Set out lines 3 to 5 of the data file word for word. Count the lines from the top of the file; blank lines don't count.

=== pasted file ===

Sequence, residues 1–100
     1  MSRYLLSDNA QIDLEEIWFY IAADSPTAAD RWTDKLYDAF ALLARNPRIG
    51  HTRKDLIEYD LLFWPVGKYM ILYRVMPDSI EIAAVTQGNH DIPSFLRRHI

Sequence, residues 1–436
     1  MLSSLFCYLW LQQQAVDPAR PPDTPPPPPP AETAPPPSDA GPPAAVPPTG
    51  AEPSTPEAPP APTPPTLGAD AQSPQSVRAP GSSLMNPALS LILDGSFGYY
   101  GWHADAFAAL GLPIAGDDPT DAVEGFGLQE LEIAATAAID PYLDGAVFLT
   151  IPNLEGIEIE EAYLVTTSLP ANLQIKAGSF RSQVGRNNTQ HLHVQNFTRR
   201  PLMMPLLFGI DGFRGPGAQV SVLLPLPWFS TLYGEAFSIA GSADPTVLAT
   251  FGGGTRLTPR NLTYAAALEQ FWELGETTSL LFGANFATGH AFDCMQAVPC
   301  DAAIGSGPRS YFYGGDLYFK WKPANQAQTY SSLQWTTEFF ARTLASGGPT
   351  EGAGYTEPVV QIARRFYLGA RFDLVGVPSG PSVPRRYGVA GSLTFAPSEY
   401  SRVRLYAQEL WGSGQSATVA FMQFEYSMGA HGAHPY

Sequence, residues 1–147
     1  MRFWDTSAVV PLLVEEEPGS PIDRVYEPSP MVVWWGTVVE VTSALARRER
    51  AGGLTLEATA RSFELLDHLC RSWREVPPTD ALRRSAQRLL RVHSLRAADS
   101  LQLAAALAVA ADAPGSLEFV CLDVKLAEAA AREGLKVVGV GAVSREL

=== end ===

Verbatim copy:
    51  HTRKDLIEYD LLFWPVGKYM ILYRVMPDSI EIAAVTQGNH DIPSFLRRHI

Sequence, residues 1–436
     1  MLSSLFCYLW LQQQAVDPAR PPDTPPPPPP AETAPPPSDA GPPAAVPPTG